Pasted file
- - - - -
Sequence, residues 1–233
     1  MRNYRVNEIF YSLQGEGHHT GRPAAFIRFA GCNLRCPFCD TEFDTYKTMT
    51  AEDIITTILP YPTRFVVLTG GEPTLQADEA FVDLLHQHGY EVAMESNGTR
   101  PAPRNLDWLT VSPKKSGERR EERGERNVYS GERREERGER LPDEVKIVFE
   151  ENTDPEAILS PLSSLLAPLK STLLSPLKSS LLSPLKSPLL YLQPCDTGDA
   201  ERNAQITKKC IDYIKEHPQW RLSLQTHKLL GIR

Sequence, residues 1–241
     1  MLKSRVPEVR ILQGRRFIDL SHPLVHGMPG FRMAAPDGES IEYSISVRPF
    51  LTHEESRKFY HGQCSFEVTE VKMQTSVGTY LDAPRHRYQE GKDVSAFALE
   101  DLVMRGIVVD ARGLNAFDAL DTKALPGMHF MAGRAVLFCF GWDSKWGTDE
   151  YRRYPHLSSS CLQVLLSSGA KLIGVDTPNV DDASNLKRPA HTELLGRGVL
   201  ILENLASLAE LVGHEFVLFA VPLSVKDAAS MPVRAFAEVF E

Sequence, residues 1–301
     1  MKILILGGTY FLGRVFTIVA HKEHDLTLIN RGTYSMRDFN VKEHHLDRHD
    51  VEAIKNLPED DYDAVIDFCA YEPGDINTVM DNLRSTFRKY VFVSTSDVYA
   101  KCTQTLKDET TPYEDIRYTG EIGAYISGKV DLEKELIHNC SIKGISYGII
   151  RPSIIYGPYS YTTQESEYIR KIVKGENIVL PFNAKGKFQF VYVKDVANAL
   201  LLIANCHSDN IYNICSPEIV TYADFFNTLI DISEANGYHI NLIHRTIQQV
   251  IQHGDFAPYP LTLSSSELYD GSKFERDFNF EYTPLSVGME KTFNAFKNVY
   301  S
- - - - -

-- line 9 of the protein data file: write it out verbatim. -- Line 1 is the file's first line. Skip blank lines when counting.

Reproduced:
    51  LTHEESRKFY HGQCSFEVTE VKMQTSVGTY LDAPRHRYQE GKDVSAFALE